Week seven, here we are!

We are all going through SO much change in our world and this industry! But if you’re anything like us, you’re embracing it with all you’ve got, and using the time to get trained up on all things virtual, because the landscape of options is a lot bigger and wider than maybe any of us really knew before now. You’re probably also spending a lot of time in virtual meetings, webinars and virtual events, looking to learn and absorb as much as possible – there’s a TON out there, so much that you’re probably now also needing to prioritize what you spend your time attending.

In the first few weeks of quarantine, there was a lot of grace given to people as they figured out the basics. But as we’ve had to accept our new reality, it’s time to all now accept that the grace period is over. Video fatigue is real, and engagement is getting harder and harder to come by because – let’s be honest – a lot of these meetings and events we’ve been attending are hit or miss.

We would ALL love to meet again in person. And we will. But until then, here are a few tips on how to make virtual meetings and events not be so painful. Bear with us, there’s A LOT here! And for that reason, we have broken this topic into two posts. This first one is about tips and tricks and the second one is about the actual tools available.


If you are planning or are the host of a virtual meeting, here are some things you must keep in mind:

  • Before you begin, put the attendees at the forefront of everything and try as best you can to stay relevant. What impression do you want to leave with them? Take the time to think through the experience you want them to have. What does your audience want, other than GREAT CONTENT? Remember, if they don’t feel like they’re getting something in exchange for their valuable time, you’ll break their trust.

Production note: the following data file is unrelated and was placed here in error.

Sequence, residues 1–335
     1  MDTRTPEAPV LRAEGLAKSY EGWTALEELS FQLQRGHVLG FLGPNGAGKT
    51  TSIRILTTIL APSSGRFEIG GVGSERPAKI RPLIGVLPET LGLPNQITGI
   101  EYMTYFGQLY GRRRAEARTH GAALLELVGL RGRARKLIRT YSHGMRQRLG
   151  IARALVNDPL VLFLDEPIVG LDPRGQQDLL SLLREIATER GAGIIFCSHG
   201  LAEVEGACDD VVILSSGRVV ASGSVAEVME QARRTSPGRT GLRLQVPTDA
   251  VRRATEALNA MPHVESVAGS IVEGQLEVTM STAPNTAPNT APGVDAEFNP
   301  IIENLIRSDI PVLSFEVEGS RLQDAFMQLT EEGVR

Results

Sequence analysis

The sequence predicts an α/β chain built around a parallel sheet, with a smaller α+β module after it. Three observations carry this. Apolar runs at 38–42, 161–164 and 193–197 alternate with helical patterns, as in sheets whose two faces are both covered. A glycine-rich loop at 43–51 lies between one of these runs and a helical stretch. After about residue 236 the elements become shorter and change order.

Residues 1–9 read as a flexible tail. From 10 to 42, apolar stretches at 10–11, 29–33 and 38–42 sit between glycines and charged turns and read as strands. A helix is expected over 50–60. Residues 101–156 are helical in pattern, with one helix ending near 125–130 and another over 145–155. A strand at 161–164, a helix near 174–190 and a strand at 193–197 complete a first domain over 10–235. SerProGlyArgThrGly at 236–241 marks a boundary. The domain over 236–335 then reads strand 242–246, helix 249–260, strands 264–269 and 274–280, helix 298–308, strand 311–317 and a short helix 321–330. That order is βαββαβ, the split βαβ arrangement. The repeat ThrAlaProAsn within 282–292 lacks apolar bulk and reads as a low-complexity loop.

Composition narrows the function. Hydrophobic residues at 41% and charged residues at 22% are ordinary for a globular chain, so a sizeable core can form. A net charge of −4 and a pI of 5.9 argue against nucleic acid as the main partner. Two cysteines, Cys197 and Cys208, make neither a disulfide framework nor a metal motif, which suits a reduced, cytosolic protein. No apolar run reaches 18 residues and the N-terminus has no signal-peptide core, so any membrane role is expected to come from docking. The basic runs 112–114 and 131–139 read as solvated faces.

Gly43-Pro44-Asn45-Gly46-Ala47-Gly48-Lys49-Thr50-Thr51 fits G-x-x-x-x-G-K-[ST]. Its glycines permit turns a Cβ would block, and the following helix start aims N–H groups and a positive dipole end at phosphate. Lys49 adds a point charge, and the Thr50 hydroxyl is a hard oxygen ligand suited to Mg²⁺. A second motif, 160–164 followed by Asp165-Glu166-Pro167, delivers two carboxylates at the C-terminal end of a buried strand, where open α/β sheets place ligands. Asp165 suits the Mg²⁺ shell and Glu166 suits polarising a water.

• The small stuff matters. The last month and a half has been a huge learning curve for all of us, but with video fatigue becoming very real, there’s less forgiveness, and maybe even tolerance, for inconsiderate details.
    • Ex: get set up WELL in advance, so that those joining early don’t have to see everything on your computer screen.
    • Ex: do a TRUE TEST RUN, which may mean recruiting some paid attendees. You won’t really know if your setup will work flawlessly until you have some actual people logging in, navigating the poll tool or viewing a slide. And have a backup plan should the primary technology you’ve chosen NOT work.
    • Ex: Label speakers so those coming in and out (and they will) know who each speaker is.
  • Given the high bar set by the entertainment industry and what we’ve come to expect from streaming services, considerate, quality production is REALLY important, especially when there are multiple components to your meetings. We strongly suggest, if you can, bringing in the professionals to get this done right, even for webinars.
  • Make sure your speakers (including yourself!) are engaging and charismatic, but are also authentic. We don’t have to be actors, but we do need to present, lead, guide and speak with conviction and passion.
  • Design your ‘frame’ to be appealing, and or at the very least, ensure the following:
    • Light is positioned in front of you, not behind you
    • You have a neutral and or non-distracting setting behind you (and if you must be in your bedroom, hopefully it goes without saying – make your bed!)